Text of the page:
Once the syllogism is understood, we have in hand the basic form of argumentation. Arguments are of all kinds, of course. Sometimes a conclusion follows from its premises but we feel no compulsion to accept it. If the premises are probable, the conclusion will be probable. Science is had when we have a conclusion which establishes the necessary truth of the conclusion.

The distinction just made makes it clear that it is one thing for a proposition to follow necessarily on premises and quite another for the conclusion to be a necessary truth. In scientific argument, both necessities are in play. At this point, the logician will examine the requirements of the premises in an argument in which the conclusion not only follows necessarily but is also a necessary truth. The premises will have to be themselves necessary truths in order for this to result. And there will be other requirements as well. But perhaps we have enough to clarify what is meant by the subject of a science.

Such clarity is needed because much time will be spent establishing how the subject of metaphysics differs from the subjects of the philosophy of nature and mathematics. Obviously, such discussions will only make sense if we have at least a preliminary grasp of what is meant by the subject of a science.

Science will be had from a syllogism of a certain kind; scientific knowledge is knowledge of the conclusion of a demonstrative syllogism. The conclusion can be called the object of the science. The subject of the science is the subject of the conclusion of a demonstrative syllogism. If I prove that the sum of the internal angles of a plane triangle equals 180 degrees, I will do so by using the definition of triangle for my middle term. The predicate of the conclusion, shown to belong to the subject because of what it is, as expressed by its definition, is a property. The triangle does not just happen to have it; it necessarily has it. It is not true of the triangle because it is a plane figure nor because it is a scalene triangle, but simply because it is a triangle. The most manifest example of a demonstrative syllogism is one in which the predicate is shown to be a property of the subject because it belongs to it thanks to the subject thanks to what it is.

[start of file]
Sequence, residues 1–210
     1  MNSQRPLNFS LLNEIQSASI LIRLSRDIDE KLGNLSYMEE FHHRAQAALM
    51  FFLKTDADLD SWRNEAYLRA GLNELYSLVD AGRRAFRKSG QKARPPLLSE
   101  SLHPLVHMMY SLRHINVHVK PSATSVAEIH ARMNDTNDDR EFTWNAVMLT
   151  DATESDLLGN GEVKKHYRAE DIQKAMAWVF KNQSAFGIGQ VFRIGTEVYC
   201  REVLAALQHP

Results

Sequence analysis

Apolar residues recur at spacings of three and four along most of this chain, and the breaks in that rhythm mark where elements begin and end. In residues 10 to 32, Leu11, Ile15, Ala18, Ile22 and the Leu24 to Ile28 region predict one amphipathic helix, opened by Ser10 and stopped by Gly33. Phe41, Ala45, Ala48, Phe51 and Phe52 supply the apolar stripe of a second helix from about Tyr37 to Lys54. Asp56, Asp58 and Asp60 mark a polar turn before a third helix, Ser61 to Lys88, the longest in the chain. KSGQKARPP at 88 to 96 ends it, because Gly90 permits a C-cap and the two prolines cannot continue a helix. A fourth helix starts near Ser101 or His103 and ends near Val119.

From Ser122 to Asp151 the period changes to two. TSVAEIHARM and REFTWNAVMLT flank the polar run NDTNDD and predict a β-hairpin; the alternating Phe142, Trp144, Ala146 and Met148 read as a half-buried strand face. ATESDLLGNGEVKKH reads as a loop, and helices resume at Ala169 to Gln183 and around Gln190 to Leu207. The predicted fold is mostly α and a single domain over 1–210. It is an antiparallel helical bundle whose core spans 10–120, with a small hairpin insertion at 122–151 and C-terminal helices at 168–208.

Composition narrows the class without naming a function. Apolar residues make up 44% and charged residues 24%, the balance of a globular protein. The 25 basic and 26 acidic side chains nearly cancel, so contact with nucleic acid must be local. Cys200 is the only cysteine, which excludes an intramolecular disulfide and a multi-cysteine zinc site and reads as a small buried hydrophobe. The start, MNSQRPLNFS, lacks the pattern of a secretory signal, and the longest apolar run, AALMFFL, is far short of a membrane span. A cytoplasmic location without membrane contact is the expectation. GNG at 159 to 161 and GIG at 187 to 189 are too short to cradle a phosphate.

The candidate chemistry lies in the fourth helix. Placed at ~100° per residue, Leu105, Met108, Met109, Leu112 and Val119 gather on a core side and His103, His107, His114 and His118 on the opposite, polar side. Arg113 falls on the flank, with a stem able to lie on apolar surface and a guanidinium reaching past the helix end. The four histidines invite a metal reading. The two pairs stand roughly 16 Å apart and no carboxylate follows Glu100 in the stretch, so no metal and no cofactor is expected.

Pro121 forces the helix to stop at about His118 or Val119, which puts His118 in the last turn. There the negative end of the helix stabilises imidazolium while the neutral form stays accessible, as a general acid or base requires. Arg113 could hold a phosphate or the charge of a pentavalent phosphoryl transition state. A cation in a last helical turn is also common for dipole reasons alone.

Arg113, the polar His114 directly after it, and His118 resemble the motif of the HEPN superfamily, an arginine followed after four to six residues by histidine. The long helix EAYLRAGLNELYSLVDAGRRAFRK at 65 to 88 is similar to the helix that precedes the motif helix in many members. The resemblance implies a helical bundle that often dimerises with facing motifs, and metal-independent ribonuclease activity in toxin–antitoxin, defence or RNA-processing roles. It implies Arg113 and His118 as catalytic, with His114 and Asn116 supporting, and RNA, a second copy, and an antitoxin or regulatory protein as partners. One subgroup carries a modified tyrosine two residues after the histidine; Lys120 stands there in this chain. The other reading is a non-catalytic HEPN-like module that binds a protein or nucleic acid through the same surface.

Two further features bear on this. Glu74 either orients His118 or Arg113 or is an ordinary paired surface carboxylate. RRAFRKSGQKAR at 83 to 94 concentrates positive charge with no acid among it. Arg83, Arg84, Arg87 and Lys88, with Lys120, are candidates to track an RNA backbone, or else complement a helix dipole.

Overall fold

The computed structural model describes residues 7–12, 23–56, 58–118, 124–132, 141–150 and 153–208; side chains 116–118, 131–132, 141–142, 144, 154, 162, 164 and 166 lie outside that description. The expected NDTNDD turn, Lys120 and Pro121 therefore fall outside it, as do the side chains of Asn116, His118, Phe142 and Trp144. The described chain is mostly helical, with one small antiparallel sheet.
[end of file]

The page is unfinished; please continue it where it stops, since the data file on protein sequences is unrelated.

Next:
One further point. If you were asked for a definition of science, you would probably begin by saying that it is a body of knowledge . . . . Thus far, we have been speaking of science in terms of one argument, one syllogism, but as the allusion to plane geometry indicates, a science is a concatenation of arguments. How do they all fall to the same science?

Much will be said of this in the following chapters, but this much must be said now. When I said that the property of the triangle belongs to it as triangle and not as plane figure or scalene triangle, I might have put it in another way. The property belongs to the subject, not because of its species, not because of its species, but because of what it is. Of course what is proved of a plane figure will be true of triangle as one species of plane figure. And what is proved of triangle will be true of the species of triangle. Thus it can be said that one way it is clear that many arguments belong to the same science is because their subjects are related as genera and species.

This should suffice to follow the next two lessons profitably.

Suggested Reading Assignment

Commentary on Metaphysics, Bk. 4, lessons 1 and 2.

Suggested Writing Assignment

Show how the above account of proof is exhibited in Selection 11 from the Penguin book.


Consult John A. Oesterle's classic logic text published by Prentice-Hall more than a quarter century ago and is still in print.